She slipped into the seat across from him, already a little tipsy. He could barely see in the lowlight and what he could, he didn’t care for. Just being there was trouble enough. She smiled. In a kind, uncurious way, her eyes bright and feverish. “And what is your unhappiness drinking?”
He wouldn’t have said anything, but he wanted to say it aloud. Say something aloud. Find the words for the kind of day, if it had only been a day, that he had just spent. Perhaps the telling would make it seem real. Make it a little plausible. A little less like a dream that woke up in a nightmare. She looked like she wouldn’t remember anything in the morning. He ordered another whiskey and told her the story. From the beginning. From the time he met Vyraa. To the time he left. To now.
“I found a way to a parallel universe.” She frowned and studied her glass closely. “I was determined to go and there it was, after a year of knocking on every door, testing every portal, calling every name. I wanted to see what had happened to Vyraa. If she was happy. You see, I wasn’t. I was desperately miserable and I couldn’t live with the feeling that she was happy with me, the other me, in the other place. I was the one who said no. I was the one who went away. I have no idea where she is in my world, but I thought, maybe in a different universe, I had said yes and we were together. We had made it. I wanted to see what that looked like. Live it for a moment. Taste the possibility. Touch the magnitude of loss. If I had lost.”
The woman was drinking steadily now, willing herself into the surreal drama. Her eyes listened like lamps. “So I kept looking for a way,” he said, “and then this morning, I don’t know how long it’s been, but it feels like it was this morning, I opened my door to go to work and found myself here. Here in this place, this transit lounge between universes. I don’t know what happened, but I waited here a while and then there was a strange movement and I was there. And she was there.”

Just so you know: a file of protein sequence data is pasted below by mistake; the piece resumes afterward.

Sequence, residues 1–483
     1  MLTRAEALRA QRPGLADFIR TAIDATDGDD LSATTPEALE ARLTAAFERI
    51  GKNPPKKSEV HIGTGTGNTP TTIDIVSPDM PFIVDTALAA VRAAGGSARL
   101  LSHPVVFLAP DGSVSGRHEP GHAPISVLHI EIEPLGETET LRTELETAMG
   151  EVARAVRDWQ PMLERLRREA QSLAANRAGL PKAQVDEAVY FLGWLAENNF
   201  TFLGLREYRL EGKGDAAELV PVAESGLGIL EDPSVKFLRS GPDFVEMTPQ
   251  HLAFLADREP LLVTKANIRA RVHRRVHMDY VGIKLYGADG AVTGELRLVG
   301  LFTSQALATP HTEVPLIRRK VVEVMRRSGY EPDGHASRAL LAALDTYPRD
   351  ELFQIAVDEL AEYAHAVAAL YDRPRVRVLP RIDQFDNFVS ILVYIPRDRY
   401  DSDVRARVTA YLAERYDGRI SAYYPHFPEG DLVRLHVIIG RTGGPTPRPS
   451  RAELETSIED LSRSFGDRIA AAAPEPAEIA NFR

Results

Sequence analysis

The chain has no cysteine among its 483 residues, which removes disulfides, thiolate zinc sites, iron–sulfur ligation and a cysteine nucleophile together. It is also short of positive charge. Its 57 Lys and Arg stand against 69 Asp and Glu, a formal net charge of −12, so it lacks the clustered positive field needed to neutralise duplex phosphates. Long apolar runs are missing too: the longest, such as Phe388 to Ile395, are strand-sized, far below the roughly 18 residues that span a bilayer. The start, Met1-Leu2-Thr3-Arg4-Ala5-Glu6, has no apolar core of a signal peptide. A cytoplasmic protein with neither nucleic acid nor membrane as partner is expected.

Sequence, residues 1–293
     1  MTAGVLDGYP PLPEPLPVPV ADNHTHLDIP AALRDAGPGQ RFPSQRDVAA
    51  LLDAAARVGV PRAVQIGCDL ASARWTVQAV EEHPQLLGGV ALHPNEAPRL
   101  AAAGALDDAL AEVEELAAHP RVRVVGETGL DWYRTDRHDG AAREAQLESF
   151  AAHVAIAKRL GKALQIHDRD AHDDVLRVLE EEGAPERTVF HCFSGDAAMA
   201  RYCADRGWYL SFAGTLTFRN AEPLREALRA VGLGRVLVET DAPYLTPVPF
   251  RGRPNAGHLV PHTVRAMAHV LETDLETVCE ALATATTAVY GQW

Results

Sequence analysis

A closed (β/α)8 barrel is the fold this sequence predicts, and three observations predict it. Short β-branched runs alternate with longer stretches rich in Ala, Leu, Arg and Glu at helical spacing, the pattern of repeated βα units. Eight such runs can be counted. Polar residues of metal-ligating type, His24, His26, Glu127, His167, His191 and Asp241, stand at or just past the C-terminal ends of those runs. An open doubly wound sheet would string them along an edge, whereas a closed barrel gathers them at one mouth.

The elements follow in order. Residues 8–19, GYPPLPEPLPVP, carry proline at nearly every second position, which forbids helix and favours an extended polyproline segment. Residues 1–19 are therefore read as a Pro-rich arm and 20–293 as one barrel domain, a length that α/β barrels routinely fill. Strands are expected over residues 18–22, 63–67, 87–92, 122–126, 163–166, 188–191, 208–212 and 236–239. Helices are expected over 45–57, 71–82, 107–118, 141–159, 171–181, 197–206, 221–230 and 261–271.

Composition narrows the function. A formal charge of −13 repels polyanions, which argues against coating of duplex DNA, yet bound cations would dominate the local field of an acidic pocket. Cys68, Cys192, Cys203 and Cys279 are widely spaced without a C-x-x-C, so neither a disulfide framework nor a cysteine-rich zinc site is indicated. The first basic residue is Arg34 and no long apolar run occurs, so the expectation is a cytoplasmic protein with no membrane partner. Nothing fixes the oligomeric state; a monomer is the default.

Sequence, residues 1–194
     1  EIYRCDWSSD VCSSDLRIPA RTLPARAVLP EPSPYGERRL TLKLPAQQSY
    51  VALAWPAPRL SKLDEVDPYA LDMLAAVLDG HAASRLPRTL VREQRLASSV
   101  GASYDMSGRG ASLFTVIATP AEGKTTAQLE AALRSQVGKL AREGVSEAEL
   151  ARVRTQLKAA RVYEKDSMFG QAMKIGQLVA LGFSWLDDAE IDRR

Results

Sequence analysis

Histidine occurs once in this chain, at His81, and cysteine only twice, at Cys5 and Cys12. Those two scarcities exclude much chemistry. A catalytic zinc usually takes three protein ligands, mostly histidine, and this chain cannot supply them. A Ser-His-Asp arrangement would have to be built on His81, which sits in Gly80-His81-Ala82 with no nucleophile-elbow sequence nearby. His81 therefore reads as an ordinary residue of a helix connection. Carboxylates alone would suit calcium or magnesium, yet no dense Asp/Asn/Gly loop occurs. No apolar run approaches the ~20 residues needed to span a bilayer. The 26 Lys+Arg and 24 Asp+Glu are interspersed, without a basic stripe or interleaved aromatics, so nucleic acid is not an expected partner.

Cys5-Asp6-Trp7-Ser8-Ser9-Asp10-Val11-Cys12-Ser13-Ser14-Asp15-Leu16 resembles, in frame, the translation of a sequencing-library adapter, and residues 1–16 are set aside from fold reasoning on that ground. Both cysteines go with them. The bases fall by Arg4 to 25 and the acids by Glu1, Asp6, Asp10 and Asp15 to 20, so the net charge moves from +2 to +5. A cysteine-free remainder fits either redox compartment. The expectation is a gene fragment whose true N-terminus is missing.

“And happy?” The woman was invested in the story now. A vague glimmer still flickering in her eyes.
“She was with another man. Had been for some time. Happy? She was laughing, the sun was shining and stars the colour of peaches and lemons were dancing around her. Happy? Is ‘happy’ the moment when stars come down to dance around your smile?”
The woman leaned forward to see if he was crying. She signalled for another drink, her eyes flashing.
He was whispering. “Anyway, when I came back here, I ran into myself at the bar. That was an hour ago, if it has been an hour. Me and the other me. Both of us in this transit lounge. At that table, there,” he was pointing towards the curtained booths at the back.
“See, he, I, from there… well he wanted to find out what would have happened if I…he… the man, had said no. If he had ended up happy. If he had ended up with someone other than Vyraa. He was broken. In despair. So I…he…was also travelling… to find out. We both had found the same door. Different…same door.”
“Perhaps there’s more of you and the door opens for all the people that are you, at the same time?” she was sober now, almost. As sober as one can be with that light warm in their eyes.
“How many are there, you think?” He caught his breath, wondering, afraid.
She laughed and reached for the whiskey, “as many as you don’t need.”
The woman had another thought, “well, maybe, no matter which path you choose, you end up at the same place: in a seedy bar, with a stranger, nursing one drink too many, wondering if you had been right. Maybe things are not as parallel as we imagine and given enough space and time, everything converges into a single point. Into a beat-up transit lounge.”
He was laughing now. A shoulder-shaking, tear-spilling laugh. “Is that why you are here? Are you also… me?”
She laughed then, the light slowly fading from her big brown eyes.